TAPPER: That's actually what I wanted to ask you, the last question, Dr. Masterson. Should this study about an over-the-counter medication people regard as safe for pregnant women, should it raise concerns for pregnant women who take other over-the-counter medications that we all just believe to be safe? MASTERSON: Absolutely, it should raise concerns because every woman is different. Again, her genetic predisposition, when she takes it, what trimester, what she's taking it for, if there's other medical condition. That may be adding to it.

Again, if she's taking it for a fever, if the infection is causing the problem, fever that is causing the problem, is it medication that she's taking, all of these things need to be looked at. She should just really, again, follow her care with her obstetrician because it's not black and white. You know, right now we have a link. We need more studies. But right now, most O.B.s are going to be telling their patients that acetaminophen is still safe if you take it in small quantities.

TAPPER: And they should always consult their physicians before they take it. It's something else to think about before they take it.

Dr. Lisa Masterson, thank you so much.

When we come back, John McCain is speaking out against Republicans in his home state. Why he's urging Arizona's governor to veto a controversial bill.


TAPPER: Welcome back to THE LEAD. I'm Jake Tapper.

In national news, in just hours, protesters will swarm the steps of the state capitol in Arizona over a controversial new bill that pits religious liberty against the right of Americans to not be discriminated against. The bill would essentially let some business owners refused services to customers if that service would valuate their deeply held religious beliefs. The example often cited as the New Mexico photographer who was not willing to take pictures of a lesbian wedding because she said it violated her religion.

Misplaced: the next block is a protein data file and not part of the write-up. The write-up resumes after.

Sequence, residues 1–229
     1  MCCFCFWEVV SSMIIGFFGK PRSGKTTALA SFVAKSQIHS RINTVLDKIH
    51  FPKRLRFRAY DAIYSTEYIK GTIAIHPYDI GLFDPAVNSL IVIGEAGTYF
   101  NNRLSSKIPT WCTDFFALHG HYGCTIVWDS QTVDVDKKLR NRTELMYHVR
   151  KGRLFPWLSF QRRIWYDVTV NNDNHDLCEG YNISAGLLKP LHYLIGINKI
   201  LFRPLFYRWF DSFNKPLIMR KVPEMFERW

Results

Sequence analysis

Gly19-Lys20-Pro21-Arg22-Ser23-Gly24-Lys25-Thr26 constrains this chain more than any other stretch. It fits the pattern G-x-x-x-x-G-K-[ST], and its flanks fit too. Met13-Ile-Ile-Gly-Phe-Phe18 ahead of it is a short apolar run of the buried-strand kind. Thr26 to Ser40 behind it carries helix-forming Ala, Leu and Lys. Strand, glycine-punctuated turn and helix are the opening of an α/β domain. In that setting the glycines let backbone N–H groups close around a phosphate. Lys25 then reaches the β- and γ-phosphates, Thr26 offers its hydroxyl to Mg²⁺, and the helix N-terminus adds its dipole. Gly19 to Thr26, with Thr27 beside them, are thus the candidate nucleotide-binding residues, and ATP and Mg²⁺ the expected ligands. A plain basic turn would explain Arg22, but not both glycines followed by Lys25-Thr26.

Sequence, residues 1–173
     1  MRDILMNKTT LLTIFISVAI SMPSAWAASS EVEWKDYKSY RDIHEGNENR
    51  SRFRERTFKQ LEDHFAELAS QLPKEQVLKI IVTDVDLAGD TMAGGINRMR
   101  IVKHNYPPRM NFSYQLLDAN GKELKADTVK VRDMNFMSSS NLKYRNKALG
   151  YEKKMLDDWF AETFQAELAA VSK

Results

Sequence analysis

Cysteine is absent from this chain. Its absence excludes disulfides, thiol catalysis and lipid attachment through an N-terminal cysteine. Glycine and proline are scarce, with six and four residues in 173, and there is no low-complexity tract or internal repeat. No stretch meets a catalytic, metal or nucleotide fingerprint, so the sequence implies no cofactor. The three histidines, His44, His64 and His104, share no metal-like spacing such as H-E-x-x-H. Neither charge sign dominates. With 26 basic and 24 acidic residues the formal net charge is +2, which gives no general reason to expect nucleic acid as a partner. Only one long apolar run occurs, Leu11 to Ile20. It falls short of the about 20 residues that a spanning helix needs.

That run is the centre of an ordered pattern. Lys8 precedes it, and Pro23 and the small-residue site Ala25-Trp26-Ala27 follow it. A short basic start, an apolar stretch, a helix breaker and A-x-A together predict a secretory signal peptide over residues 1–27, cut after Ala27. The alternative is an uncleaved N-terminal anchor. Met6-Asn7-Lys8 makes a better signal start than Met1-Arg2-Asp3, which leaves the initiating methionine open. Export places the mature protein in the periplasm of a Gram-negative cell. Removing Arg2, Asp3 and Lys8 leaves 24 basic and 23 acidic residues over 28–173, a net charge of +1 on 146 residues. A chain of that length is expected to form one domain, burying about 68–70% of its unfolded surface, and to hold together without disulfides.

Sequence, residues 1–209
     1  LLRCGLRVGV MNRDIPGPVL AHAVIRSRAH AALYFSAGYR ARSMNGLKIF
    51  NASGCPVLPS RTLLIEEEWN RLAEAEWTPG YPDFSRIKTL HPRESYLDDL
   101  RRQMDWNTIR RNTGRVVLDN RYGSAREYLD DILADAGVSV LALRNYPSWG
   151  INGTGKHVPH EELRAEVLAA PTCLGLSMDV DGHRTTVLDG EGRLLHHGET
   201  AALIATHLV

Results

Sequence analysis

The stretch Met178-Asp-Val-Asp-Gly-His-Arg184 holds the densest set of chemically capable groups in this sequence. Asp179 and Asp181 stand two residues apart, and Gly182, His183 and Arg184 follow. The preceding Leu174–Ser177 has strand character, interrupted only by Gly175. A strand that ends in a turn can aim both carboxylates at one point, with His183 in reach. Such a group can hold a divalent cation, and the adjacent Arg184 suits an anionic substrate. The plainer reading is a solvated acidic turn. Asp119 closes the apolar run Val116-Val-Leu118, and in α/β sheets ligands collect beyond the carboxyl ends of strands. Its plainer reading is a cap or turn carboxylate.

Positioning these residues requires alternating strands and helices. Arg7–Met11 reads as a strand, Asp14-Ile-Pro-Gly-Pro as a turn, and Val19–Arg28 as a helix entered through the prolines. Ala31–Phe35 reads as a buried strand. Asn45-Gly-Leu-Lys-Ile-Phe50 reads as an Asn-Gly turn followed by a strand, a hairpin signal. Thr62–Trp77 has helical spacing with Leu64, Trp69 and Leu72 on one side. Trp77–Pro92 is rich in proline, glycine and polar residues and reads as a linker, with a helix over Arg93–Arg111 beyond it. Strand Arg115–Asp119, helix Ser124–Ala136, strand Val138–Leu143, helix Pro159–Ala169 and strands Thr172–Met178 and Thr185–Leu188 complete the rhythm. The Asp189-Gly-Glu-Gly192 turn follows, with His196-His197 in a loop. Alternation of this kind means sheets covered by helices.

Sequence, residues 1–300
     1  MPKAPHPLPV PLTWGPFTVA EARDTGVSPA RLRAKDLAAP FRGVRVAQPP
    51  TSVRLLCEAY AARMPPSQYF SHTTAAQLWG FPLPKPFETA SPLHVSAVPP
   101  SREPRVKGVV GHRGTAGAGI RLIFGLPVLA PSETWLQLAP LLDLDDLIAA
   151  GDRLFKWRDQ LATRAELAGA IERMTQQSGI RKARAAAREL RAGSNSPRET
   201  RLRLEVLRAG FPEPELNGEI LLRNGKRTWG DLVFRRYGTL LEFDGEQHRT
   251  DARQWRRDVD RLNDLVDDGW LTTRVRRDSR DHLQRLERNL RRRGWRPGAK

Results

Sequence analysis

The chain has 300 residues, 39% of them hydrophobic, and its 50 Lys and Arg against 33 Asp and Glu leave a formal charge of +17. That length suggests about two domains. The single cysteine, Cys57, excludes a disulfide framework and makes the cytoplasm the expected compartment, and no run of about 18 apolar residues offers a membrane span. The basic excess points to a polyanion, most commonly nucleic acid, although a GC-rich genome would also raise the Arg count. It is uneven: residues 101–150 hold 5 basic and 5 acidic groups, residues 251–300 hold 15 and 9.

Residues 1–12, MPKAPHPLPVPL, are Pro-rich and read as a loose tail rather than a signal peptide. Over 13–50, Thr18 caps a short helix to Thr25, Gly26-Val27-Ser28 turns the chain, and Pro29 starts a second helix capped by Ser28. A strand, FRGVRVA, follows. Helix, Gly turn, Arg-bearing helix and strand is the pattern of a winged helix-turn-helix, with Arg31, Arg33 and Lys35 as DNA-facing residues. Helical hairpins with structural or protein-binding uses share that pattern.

Conservatives who backed the bill say it protects businesses from being sued for following their faith. But critics say it's really just a backdoor to legalized discrimination. The bill has already passed through the state legislature. But Arizona Governor Jan Brewer has not said if she will sign it.

Among those pushing the governor to veto the bill, Republican Arizona Senator John McCain, who sent out this tweet earlier today, "Governor Brewer has until next Friday to make a decision."

The U.S. military is shrinking if Defense Secretary Chuck Hagel gets his way to levels it has not seen before our boys took on Hitler, Mussolini and Hirohito. Hagel announced plans to cut the military back to its pre-World War II size beginning in the 2015 fiscal year. Hagel says, after 13 years of continuous war, it's time to re-evaluate the military's priorities.


CHUCK HAGEL, DEFENSE SECRETARY: We're repositioning the focus on a strategic challenges and opportunities that will define our future. New technologies, new centers of power, and a world that is growing more volatile, more unpredictable and in some instances, more threatening to the United States.


TAPPER: There are, of course, many who disagree with Hagel's plan to shrink the military. Republican Congressman Michael McCaul, chairman of the House Homeland Security Committee, says the plan will hurt the military's readiness.

When we come back, it's a cult. That's what one prominent Democrat is calling a political movement organizing in anticipation of a Hillary Clinton presidential run. Are Democrats really ready for Hillary?

And later, he stayed hidden for years and avoided capture by freeing through underground tunnels. Details on the massive operation that nabbed the most wanted drug lord after more than a decade on the run.